Vt. Cuts in Half $5M Grant to VTel
Montpelier — A state agency has cut a $5 million telecommunications grant to Vermont Telephone Co. in half.
This is the third time the Vermont Telecommunications Authority has pulled VTel grant money in recent months. On March 29, it revoked two broadband grants to VTel worth $3.4 million.
The most recent decision, made at a board meeting earlier this month, comes after negotiations between the VTA and the private firm VTel stalled. The $5 million cellphone grant was announced at a news conference by Gov. Peter Shumlin in December 2012.
The VTA cut the original cellphone grant in half and offered VTel $2.6 million. The new grant reflects changes VTel made to its application for cellphone service to underserved areas of the state.
Rep. Sam Young, D-Glover, a Vermont Telecommunications Authority board member, said VTel was unable to work out roaming agreements with AT&T. The decision to cut the grant doesn’t indicate any failure on VTel’s part, he said.
“There wasn’t going to be any roaming in the target corridors where we wanted roaming,” Young said. “So that just kind of didn’t comply with what the grant was for.”
The $5 million grant originally targeted specific transportation corridors, and in the new grant offering of $2.6 million, the board asked VTel to build out cellphone service along its existing Wireless Open Network project. VTel received $116 million from Rural Utilities Service USDA Rural Development in 2010 to provide Internet service to households in southern Vermont, the Northeast Kingdom and other underserved areas of the state.
VTel principal Diane Guité said the new grant shouldn’t be viewed as a reduction, because the scope of the project has changed. Since 3G technology is becoming obsolete, Guité said, “we no longer want to invest in 3G and don’t think the state should invest taxpayer dollars in this technology, either.” VTel is upgrading from a 3G mobile network to a faster 4G system.
Guité welcomed the smaller grant and asked for another $2.7 million to build seven wireless and cell towers along Interstate 91, near Shumlin’s hometown of Putney. She said the proposal would improve cell service and connect thousands of residents who have inadequate access to Internet service. The board rejected VTel’s second proposal last week.
Peter Meyer, a VTA board member, said the state authority’s capital is dwindling and other requests are pending.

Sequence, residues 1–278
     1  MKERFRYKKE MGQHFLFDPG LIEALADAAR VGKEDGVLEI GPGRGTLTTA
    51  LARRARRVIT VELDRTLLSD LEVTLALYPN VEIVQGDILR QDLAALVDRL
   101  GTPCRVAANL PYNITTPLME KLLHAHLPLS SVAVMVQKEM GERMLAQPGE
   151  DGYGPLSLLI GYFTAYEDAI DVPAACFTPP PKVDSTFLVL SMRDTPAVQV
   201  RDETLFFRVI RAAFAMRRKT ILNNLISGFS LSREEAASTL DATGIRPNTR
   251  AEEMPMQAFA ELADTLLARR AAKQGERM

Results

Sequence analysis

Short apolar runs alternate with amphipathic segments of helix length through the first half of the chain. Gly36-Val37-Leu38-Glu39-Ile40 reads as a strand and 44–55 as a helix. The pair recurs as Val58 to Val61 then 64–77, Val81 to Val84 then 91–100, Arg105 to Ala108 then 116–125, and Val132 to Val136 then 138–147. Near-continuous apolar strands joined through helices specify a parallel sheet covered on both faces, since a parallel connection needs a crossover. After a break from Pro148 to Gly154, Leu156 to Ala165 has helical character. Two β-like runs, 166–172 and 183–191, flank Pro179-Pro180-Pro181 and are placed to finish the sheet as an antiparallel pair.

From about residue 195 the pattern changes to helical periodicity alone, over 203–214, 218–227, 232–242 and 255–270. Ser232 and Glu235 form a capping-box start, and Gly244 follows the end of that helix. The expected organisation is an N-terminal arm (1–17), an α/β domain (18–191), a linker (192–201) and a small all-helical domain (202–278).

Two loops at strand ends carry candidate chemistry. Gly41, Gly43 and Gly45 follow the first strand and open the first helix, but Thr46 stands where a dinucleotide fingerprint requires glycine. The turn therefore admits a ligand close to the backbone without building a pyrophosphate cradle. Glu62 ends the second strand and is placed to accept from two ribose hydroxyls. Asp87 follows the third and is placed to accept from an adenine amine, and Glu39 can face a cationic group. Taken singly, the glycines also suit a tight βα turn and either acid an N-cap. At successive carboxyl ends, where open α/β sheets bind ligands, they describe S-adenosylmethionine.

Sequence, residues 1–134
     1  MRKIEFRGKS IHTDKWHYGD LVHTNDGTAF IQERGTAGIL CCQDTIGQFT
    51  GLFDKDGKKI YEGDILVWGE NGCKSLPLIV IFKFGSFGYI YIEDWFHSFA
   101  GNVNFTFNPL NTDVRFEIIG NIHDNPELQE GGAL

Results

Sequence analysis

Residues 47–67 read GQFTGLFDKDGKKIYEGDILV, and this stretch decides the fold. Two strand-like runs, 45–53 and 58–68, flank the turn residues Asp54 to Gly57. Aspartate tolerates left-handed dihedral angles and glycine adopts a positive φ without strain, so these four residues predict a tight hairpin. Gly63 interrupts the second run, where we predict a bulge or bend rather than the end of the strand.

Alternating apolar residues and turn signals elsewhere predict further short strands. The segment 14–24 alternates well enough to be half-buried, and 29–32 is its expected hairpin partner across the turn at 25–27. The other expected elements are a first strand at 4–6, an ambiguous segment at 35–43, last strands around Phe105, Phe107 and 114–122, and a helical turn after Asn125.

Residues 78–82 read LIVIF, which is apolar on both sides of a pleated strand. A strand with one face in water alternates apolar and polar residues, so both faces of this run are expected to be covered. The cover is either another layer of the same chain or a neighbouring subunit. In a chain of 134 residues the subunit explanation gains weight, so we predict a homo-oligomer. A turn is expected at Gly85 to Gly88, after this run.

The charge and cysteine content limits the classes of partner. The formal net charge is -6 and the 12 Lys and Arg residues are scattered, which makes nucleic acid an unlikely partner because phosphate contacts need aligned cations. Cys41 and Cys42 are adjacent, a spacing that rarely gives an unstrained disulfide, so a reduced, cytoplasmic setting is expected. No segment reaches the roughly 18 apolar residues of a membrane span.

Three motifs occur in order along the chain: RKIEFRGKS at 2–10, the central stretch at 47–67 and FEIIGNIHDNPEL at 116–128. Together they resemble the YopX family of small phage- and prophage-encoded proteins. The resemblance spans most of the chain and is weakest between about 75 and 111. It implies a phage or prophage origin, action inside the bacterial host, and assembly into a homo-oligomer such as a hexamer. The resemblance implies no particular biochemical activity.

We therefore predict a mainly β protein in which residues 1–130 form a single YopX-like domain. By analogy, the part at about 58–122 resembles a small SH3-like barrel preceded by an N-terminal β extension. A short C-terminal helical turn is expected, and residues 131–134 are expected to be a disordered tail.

“It should be noted these three proposals total $8.7 million, and I don’t believe we have that much money available,” Meyer said. “That weighed in on our decision as well.”
The VTA’s latest cash-flow statements, attached to last month’s board minutes, show that the state authority had $7.28 million as of March 31. The state authority owns $246,000 worth of property and equipment, including telecom towers and equipment, with $1.3 million of assets considered a “work in progress.” The authority has received about $15.7 million in state appropriations through the capital budget from 2008 to 2013.
At the meeting last week, the VTA board also talked about redistributing money from the VTel broadband grants it canceled earlier this spring.
The state is reallocating the $3.4 million to other firms. EC Fiber, a coalition of municipalities, has applied for some of money, and VTel is eligible to apply, though it has decided not to.
One of the problems the VTA faces is determining just how many underserved households it needs to target. Much depends on VTel’s commitment to connect rural areas of the state to the Internet by the end of 2013. The company said recently that it will fulfill its obligations under its $116 million federal grant in 2015. Gov. Peter Shumlin has repeatedly promised Internet broadband access to “every last mile” in Vermont by the end of 2013.
VTel’s ongoing broadband expansion, funded partly with its own capital, will cover 335 of about 365 addresses without Internet access. Although VTel still plans to serve these households, Guité told the state that the firm wouldn’t make a commitment in writing.
“It’s hard to untangle how to not serve them, because they’re part of our network plan,” said Guité to the board. “I don’t know that VTel is comfortable making a sort of contractual commitment. … It can’t be that VTel has the same commitment to serve a certain number of homes, less $6 million from the VTA.
“We have no reason, I don’t think, to contractually do anything, unless there’s funding attached to that commitment,” she said. “Doing a written commitment, where it’s just us promising you something, isn’t something that a business would agree to.” Guité said in an email that the $5.9 million reduction in VTel’s overall budget isn’t a “positive step forward to bringing broadband to rural Vermont.”
Letters between the state and VTel show that the company requested $500,000 in addition to its $2 million broadband grant, and a deadline extension, from November 2012 to March 2014, just before that grant was canceled.
The request was resubmitted on Dec. 6, 2012, a day before the VTA board voted to add $70,000 to VTel’s $5 million cellphone grant, which last week was reduced to $2.6 million.
State officials wrote that VTel was “significantly behind schedule,” and that the firm tried to amend the grant terms without written consent from the VTA. The letter mentions a Master Project Plan, due from VTel on Sept. 15, 2011, which by March 2013 still wasn’t complete.
The VTA also refused to pay VTel for any work done to date, “in order to mitigate the VTA’s damages due to VTel’s default.” VTel officials said the grant was taken away for “reasons we are still struggling to understand.” Delayed site acquisition, permitting issues and a new vendor contributed to the delays.
VTA board members said Vermont’s progress on creating universal broadband access is encouraging, but the expansion of cell phone service has been slower.